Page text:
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Pence rules out Indiana Medicaid expansion in current form

Copyright 2014 The Associated Press. All rights reserved. This material may not be published, broadcast, rewritten or redistributed. The Associated Press
Wednesday, February 6, 2013 - 7:21 pm

INDIANAPOLIS — Gov. Mike Pence said Wednesday that he has ruled out expanding Medicaid under the federal health care law unless Indiana gets approval to use state health savings accounts for the expansion.

Pence told reporters that the only way he would approve a Medicaid expansion would be if the state is given the choice of using its Healthy Indiana plan to cover new enrollees.

"It was important to me that we do fully fund Medicaid, but we did not fund a Medicaid expansion, nor do I think that under the current framework for Medicaid that it would be advisable for Indiana to do that," he said.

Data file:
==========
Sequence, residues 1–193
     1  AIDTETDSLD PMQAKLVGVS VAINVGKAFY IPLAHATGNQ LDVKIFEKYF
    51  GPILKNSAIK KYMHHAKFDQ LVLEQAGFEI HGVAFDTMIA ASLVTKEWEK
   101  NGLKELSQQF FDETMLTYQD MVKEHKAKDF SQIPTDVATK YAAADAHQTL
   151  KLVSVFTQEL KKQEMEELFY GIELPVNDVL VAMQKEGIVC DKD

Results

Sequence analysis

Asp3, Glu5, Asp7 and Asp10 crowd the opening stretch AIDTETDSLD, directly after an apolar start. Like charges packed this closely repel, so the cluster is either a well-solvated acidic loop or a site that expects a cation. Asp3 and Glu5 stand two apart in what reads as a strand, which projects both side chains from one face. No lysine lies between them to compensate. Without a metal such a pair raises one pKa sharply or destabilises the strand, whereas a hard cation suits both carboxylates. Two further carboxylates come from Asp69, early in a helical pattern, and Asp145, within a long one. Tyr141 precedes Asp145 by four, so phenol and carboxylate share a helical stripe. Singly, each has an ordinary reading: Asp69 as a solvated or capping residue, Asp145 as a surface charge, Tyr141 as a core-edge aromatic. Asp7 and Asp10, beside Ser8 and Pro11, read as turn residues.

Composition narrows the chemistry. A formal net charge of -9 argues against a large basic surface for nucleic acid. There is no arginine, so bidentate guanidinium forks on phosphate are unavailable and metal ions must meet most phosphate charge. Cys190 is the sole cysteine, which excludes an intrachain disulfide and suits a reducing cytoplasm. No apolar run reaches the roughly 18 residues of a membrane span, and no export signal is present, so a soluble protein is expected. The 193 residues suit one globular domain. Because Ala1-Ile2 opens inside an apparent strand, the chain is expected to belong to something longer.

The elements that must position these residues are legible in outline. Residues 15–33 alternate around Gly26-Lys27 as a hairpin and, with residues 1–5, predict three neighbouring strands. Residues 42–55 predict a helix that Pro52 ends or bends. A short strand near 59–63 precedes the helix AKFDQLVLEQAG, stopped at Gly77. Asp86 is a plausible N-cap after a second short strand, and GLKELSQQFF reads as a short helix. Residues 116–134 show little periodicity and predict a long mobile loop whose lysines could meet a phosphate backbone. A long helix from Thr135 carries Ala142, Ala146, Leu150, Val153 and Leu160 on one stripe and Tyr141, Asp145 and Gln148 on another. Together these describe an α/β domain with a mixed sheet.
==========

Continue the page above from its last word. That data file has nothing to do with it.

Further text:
Democratic lawmakers are pushing for the state to approve the expansion, and House Ways and Means Chairman Tim Brown, R-Crawfordsville, has said he is considering paying for the expansion in the House version of the budget.

Pence's announcement came two days after Ohio Gov. John Kasich bucked a trend among Republican governors of flatly opposing the federal health care law and said he would expand Medicaid in his state.

Pence declared his intentions in a call with U.S. Department of Health and Human Services Secretary Kathleen Sebelius this week. He also told her that Indiana does not plan to build a "hybrid" health exchange with the federal government.

Even without the expansion, Indiana's Medicaid rolls are expected to grow by 90,000 as more children who already qualify for Medicaid are enrolled in the program because of the health care law's individual mandate. Milliman Inc. analysts determined this "woodwork effect" would cost the state an additional $67 million next year and another $105 million in fiscal year 2015, all of which Pence has budgeted for.

Accepting the full Medicaid expansion, for residents earning up to 133 percent of the federal poverty level could cost the state an additional $94 million next year and $151 million more in fiscal year 2015 if every qualified resident enrolled, Milliman determined. The firm estimates a full expansion would place another 682,000 residents in the program.